Are you planning on a vacation in Malaysia somewhere around June to August? Here are some things that you can expect when it comes to the ⛅weather, 🥳holidays, 🥭seasonal fruits and more!
Malaysia is a country located in SouthEast Asia, putting it close to the 🌐equatorial line with a 🌳tropical rainforest climate just like Brazil, Madagascar, Indonesia and others. The temperature ranges around 29-32°C on lowlands and coastlines; whereas on the 🌄highlands like Genting Highlands, Fraser Hill, Kundasang, etc, the temperature is around 17-20°C. Malaysia also faces two monsoons 💨wind seasons, the Southwest Monsoon from late May to September and the Northeast Monsoon from October to March.
During the Southwest Monsoon season (May-Sept), the weather is generally 🥵hot with little to no rainfall at the east coast. It is also the best period to 🤿snorkel and dive near the islands of Malaysia’s east coast and Sabah & Sarawak. Diving sites such as the Tioman, Perhentian and Semporna will be buzzing with tourists because this is when the sea visibility is the highest and marine life is abundant.
Whereas on the west coast where islands like Langkawi, Penang, Pangkor, etc ⚡ lay, heavy afternoon thunderstorms and 🌊choppy sea conditions are to be expected. However, the downpours tend to be short-lived, and you can still enjoy your trip around the islands and beaches.
Since there aren’t many downpours, it is an enjoyable time to walk outdoors and explore Malaysia. You can enjoy beautiful sceneries and 🤳selfies in front of popular tourist attractions.
The period around June to August is filled with 🥳festivals and celebrations from people of different ethnicities in Malaysia, such as Pesta Kaamatan & Hari Gawai, Dragon boat festival, Hari Raya Haji (Eid al-Adha) and National Independence Day.
Pesta Kaamatan (30 & 31 May) & Hari Gawai (1 & 2 June) are celebrated in East Malaysia. Pesta Kaamatan or Tadau Kaamatan is a public holiday in Sabah & Labuan. It is celebrated by Kadazan-Dusun Murut to express their gratitude for receiving the 🌾paddy harvest of the year. Competitions are held within the communities, and the most looked forward to competition is the annual 👸🏻beauty pageant called Unduk Ngadau.
On the other hand, Hari Gawai or Gawai Dayak is a public holiday in Sarawak and is celebrated by Orang Dayak. It is a religious and social occasion recognised since 1957. Some of the activities done on Hari Gawai include prayers, rituals, dances and many more.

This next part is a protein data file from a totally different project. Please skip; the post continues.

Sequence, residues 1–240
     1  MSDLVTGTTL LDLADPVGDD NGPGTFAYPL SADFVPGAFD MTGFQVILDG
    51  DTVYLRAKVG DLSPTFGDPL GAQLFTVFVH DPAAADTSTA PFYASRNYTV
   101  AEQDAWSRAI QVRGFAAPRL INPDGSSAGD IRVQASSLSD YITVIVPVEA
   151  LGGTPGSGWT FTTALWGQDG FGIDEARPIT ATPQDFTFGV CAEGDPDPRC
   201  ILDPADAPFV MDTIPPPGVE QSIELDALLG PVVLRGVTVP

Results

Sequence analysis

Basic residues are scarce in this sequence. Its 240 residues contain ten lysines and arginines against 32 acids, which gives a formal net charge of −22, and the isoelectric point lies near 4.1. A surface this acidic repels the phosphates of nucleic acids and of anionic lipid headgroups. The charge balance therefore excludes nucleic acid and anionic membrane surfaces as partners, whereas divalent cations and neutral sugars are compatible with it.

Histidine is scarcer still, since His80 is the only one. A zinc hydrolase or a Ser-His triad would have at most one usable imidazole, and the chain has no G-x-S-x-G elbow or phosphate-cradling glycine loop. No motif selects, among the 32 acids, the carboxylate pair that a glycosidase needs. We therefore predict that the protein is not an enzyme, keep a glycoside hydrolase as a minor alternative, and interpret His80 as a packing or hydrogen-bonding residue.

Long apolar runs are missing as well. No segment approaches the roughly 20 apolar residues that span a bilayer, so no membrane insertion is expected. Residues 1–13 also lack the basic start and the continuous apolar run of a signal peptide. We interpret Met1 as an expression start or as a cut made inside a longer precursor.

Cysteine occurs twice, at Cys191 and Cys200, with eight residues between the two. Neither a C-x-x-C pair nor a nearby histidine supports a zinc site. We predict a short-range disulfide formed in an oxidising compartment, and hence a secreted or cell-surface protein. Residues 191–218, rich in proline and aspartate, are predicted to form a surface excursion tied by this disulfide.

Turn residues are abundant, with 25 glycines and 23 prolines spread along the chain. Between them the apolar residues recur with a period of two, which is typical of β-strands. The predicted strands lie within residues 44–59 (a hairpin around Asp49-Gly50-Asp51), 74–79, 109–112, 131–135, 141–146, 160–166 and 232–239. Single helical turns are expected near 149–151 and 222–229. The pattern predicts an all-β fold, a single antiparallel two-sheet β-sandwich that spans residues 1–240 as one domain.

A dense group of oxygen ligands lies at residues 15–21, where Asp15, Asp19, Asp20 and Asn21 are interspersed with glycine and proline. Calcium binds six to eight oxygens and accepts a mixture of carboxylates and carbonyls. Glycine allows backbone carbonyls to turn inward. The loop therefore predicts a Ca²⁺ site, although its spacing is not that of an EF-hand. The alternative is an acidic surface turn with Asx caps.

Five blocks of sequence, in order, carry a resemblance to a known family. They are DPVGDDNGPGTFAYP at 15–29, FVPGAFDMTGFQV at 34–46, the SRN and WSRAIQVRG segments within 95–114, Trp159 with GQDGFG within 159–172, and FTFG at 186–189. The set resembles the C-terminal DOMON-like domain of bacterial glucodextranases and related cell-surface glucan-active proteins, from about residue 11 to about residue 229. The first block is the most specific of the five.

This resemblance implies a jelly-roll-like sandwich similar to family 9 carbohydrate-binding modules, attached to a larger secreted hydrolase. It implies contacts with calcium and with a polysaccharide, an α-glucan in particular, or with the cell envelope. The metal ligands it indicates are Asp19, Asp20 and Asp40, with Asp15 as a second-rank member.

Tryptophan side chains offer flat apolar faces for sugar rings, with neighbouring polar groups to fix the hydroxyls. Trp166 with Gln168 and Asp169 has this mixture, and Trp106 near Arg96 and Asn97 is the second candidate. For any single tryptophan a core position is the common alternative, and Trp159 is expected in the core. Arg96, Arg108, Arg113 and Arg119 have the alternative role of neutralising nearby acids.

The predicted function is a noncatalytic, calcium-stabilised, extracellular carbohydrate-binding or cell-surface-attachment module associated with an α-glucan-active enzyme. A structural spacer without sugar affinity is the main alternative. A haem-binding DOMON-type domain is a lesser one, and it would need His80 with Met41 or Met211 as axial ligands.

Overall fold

The dragon boat festival is celebrated by the Chinese people in Malaysia. It is not a public holiday, but traditions such as making dumplings and dragon boat races (in Penang) are carried out yearly. The date is determined by the lunar calendar every year.
Hari Raya Haji (Eid al-Adha) is a public holiday celebrated by Muslims in Malaysia on the 10th of July in 2022. Eid al-Adha translates as the "Feast of the Sacrifice". It has a tradition that involves slaughtering an 🐄animal and sharing the 🥩meat in three equal parts; family, relatives & friends, and poor people.
National Independence Day or Hari Merdeka is celebrated on the 31st of August annually. Every year, a theme is selected, and an emblem is designed. Usually, there will be an official patriotic song composed each year too. Parades will be held throughout the country in Malacca Town, Johor Bahru, Kuching, Kota Kinabalu, George Town, Shah Alam, Putrajaya and Kuantan. However, the main parade is held at Putrajaya where it is broadcasted live on national television. The routine of the parade includes flag raising and the Rukun Negara recitation, cultural and patriotic performances, flypast, floats and many more. It usually starts around 8 am and ends at 10 am. If you are interested in watching the parade, go early to secure a strategic position.
Durians, mangosteens, rambutans, langsat, and pomelo are generally available from June to August. On the other hand; Jackfruit is available from May to July, and if you are lucky, you will spot stalls on the roadside or night market selling Cempedak Goreng (fried Jackfruit).
Did you know that durian, the king of fruit that is well-known for its pungent smell and creamy flesh, is one of the reasons why tourists flock to Malaysia around June to August? During this time, farms would open for tourists to visit and sample the durians. There are also durian buffets where visitors can eat to their 😋heart's content.
Malaysia is a shopping haven as we have lots of multi-storey malls that will make you shop till you drop. Most malls consist of retail shops, services, restaurants, supermarkets, etc. So basically, all that you need can be found in a single complex. Since the 31st of August is Malaysia’s National Day, you can expect sales around that period.
Malaysia is a culturally diverse country, which is why you will be seeing lots of events of different cultures all over the world. Here are some of the annual events that you should join!